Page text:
Tag: John Dickson Carr

Review – The Lost Gallows

Posted June 17, 2024 by Nicky in Reviews / 2 Comments

Review – The Lost Gallows

The Lost Gallows

by John Dickson Carr

Genres: Crime, Mystery
Pages: 288
Series: British Library Crime Classics
Rating: three-stars
Synopsis:

John Dickson Carr lays on the macabre atmosphere again in this follow up to It Walks by Night in which Inspector Bencolin attempts to piece together a puzzle involving a disappearing street, a set of gallows which mysteriously reveals itself to a number of figures traipsing through the London fog, and the bizarre suggestion that a kind of fictional bogeyman, Jack Ketch, may be afoot and in the business of wanton execution. An early gem from one of the great writers of the genre. Also includes the rare Bencolin short story "The Ends of Justice."

The Lost Gallows is, I think, one of John Dickson Carr’s earlier novels, so I went in with fairly low expectations — the melodrama and bombast of his other Bencolin books isn’t entirely for me, but he’s still a plotter of ingenious mysteries. I don’t know if it was because I went in fully prepared for that, or maybe I’ve learned more sympathy through enjoying his later books, but this one wasn’t so bad.

It is of course very colourful and highly dramatic, with some surprisingly prosaic explanations; it’s full of atmosphere, using the London fog as a device in a similar way (though a very different tone) to Christianna Brand’s London Particular. It’s funny thinking about how ubiquitous that fog was, and yet I can barely imagine fog being so thick, so awful.

If you like a bit of adventure in your mystery novels, this one has that as well — the narrator puts himself in the thick of things, and there are a couple of very breathless scenes.

It all ends up feeling almost too prosaic for the fantastic atmosphere, but it works out interestingly enough.

Rating: 3/5

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Review – The Corpse in the Waxworks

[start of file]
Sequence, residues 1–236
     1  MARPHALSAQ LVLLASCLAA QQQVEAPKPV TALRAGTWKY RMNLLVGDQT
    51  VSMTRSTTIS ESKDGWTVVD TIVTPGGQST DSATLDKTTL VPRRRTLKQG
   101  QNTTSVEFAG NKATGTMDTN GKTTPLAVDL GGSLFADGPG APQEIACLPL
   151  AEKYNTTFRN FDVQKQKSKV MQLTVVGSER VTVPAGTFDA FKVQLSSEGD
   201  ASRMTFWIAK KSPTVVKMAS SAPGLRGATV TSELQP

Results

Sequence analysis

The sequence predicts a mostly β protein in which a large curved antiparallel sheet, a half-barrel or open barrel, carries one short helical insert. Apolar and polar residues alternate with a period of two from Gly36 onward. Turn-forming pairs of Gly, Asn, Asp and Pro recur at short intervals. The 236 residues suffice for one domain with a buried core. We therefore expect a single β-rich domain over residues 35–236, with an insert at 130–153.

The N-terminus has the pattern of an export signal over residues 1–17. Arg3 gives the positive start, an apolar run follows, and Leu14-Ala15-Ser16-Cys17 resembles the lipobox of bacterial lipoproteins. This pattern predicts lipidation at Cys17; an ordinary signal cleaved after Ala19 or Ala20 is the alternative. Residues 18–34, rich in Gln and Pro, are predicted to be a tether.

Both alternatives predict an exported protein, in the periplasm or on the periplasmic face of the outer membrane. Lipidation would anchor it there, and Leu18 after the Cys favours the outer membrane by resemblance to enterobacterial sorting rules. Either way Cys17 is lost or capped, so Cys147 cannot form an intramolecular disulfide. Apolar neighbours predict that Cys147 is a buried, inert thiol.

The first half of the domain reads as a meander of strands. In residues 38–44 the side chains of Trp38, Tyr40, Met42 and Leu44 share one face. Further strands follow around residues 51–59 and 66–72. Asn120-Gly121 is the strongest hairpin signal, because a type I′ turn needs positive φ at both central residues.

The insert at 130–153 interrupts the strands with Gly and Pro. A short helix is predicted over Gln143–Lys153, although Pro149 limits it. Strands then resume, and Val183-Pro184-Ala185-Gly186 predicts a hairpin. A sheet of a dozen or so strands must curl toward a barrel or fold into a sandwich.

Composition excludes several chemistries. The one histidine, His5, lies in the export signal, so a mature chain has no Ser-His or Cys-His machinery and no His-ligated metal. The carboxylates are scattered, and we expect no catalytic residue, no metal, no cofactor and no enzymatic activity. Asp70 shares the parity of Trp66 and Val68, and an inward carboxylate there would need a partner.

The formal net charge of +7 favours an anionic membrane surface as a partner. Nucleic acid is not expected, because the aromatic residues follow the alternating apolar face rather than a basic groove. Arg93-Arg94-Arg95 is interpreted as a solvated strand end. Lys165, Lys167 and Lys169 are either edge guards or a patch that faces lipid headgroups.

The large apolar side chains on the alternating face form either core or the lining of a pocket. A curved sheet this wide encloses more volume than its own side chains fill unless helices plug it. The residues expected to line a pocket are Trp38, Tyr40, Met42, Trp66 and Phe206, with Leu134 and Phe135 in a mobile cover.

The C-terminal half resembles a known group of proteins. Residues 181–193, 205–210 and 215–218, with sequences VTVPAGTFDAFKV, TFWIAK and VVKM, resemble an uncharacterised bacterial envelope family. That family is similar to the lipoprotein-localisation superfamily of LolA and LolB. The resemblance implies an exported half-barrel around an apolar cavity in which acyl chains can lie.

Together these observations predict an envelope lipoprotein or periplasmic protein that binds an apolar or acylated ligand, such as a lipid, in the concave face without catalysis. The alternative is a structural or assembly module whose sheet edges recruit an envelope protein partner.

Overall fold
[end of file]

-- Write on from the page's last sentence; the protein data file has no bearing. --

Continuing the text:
Posted April 18, 2024 by Nicky in Reviews / 0 Comments

Review – The Corpse in the Waxworks

The Corpse in the Waxworks

by John Dickson Carr

Genres: Crime, Mystery
Pages: 288
Series: British Library Crime Classics
Rating: three-stars
Synopsis:

"The purpose, the illusion, the spirit of a waxworks. It is an atmosphere of death. It is soundless and motionless... Do you see?"

Last night Mademoiselle Duchêne was seen heading into the Gallery of Horrors at the Musée Augustin waxworks, alive. Today she was found in the Seine, murdered. The museum's proprietor, long perturbed by the unnatural vitality of his figures, claims that he saw one of them following the victim into the dark—a lead that Henri Bencolin, head of the Paris police and expert of 'impossible' crimes, cannot possibly resist.

Surrounded by the eerie noises of the night, Bencolin prepares to enter the ill-fated waxworks, his associate Jeff Marle and the victim's fiancé in tow. Waiting within, beneath the glass-eyed gaze of a leering waxen satyr, is a gruesome discovery and the first clues of a twisted and ingenious mystery.

John Dickson Carr’s The Corpse in the Waxworks was surprisingly in the middle for me — usually I quite dislike John Dickson Carr’s earlier work and books involving Henri Bencolin, though I’ve later come to enjoy some of his Gideon Fell stories.

This one’s not one of his more famous, and isn’t a locked room mystery, meaning it actually felt less contrived than some of them. And Bencolin wasn’t quite as annoying as I usually find him, though I wasn’t a huge fan either; his sidekick (Marle) is just kind of vanilla, really, though he gets his own little action sequence (predictable as it is).

In the end, it felt relatively straightforward as Carr’s mysteries go, and without any femmes being too fatale, and it did have an intriguing sense of atmosphere around the masked club and the waxworks — a little bit creepy, a little bit high-strung.

Not a new favourite by any means, but more enjoyable than I expected.

Rating: 3/5

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Review – Till Death Do Us Part

Posted January 22, 2024 by Nicky in Reviews / 2 Comments

Review – Till Death Do Us Part

Till Death Do Us Part

by John Dickson Carr

Genres: Crime, Mystery
Pages: 245
Series: British Library Crime Classics
Rating: three-stars
Synopsis:

"Who can I trust?"